imperception


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im·per·cep·tion

(im'pĕr-sep'shŭn),
Inability to form a mental image of an object by combining the sensory data obtained therefrom.
[L. in-, not, + per-cipio, pp. -ceptus, to perceive]

imperception

(ĭm″pĕr-sĕp′shŭn) [L. in-, not, + percipere, to perceive]
The inability to form a mental picture; lack of perception.
References in periodicals archive ?
These authors viewed social imperception as a specific learning disability, and saw socially imperceptive learners has having difficulty interpreting the behaviors of others, particularly in nonverbal communication such as reading the facial expressions of others.
Such imperception and lack of grace towards friends bringing material help is part of the make-up of the present British attitude to Germany, not least when the events of 1992 repeated the formula.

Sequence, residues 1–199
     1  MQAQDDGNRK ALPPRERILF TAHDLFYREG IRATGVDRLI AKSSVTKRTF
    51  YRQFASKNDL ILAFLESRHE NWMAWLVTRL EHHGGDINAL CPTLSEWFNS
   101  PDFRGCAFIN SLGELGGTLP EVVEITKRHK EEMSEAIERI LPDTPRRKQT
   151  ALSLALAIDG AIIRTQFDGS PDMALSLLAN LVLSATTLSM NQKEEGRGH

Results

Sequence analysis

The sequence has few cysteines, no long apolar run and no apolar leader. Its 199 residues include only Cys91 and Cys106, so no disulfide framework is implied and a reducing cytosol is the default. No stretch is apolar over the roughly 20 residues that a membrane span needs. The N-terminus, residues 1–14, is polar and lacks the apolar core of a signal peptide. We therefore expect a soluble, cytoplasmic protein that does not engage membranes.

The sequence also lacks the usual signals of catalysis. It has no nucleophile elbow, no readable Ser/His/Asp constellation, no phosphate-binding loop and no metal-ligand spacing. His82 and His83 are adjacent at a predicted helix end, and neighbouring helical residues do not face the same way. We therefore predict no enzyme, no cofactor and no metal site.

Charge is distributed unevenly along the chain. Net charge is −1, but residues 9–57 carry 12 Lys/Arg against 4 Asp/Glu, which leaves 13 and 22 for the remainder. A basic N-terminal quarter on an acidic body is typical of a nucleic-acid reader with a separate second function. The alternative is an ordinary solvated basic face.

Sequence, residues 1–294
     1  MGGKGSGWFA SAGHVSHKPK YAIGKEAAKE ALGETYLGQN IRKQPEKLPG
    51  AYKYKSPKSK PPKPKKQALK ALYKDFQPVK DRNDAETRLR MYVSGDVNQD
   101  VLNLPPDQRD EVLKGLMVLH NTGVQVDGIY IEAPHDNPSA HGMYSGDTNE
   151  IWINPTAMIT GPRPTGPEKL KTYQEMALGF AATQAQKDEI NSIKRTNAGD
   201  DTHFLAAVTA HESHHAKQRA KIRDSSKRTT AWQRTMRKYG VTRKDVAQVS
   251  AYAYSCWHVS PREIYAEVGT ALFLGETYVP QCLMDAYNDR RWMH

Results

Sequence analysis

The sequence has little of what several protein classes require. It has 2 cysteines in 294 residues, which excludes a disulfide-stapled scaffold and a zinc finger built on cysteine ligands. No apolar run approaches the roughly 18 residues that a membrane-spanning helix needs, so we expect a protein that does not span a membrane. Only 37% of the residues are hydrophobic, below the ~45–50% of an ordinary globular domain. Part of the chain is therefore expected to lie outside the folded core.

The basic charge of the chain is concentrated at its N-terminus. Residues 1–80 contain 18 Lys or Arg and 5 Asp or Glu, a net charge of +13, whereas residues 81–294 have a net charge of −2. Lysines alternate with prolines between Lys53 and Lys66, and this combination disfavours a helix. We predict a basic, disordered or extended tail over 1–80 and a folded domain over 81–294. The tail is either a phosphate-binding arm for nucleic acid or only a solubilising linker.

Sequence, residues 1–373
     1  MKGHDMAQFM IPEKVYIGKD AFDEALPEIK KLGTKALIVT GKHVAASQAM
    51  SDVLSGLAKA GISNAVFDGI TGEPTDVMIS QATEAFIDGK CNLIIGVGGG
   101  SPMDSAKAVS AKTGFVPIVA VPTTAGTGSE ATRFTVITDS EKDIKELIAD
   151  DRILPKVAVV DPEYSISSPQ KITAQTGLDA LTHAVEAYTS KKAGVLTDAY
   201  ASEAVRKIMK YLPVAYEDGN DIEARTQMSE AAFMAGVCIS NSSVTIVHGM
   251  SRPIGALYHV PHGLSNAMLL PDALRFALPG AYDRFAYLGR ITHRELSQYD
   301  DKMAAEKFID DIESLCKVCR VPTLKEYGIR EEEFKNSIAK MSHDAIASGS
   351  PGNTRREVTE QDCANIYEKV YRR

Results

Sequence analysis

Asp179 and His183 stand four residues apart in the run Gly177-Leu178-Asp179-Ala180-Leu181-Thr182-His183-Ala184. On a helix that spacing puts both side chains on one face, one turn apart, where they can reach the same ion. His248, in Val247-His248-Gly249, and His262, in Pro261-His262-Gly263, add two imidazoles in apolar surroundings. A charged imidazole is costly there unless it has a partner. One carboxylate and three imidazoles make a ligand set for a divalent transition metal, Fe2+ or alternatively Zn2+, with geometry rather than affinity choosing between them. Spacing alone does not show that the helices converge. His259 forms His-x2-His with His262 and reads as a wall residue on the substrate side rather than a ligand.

Depending on the theoretical perspective, unilateral neglect has been labeled hemineglect, spatial neglect, extinction, imperception or hemi-inattention.
In sections on the historical Peter, the New Testament, and later Christian traditions, they consider such topics as whether Peter was behind Mark's Gospel, reassessing Peter's imperception in the synoptic tradition, Peter moving the people to repentance in Luke-Acts, the early reception of Peter in 1 Clement and Polycarp's Philippians, and traces of Peter veneration in Roman archaeology.
That's where the concept of horizon, of background--and it's the answer that will lay at the basis of any reflection by Merleau-Ponty, with crucial implications in terms of his educational philosophy and ontological perspective-comes into play: the perception of an object is given by the silent but existing imperception of what surrounds it.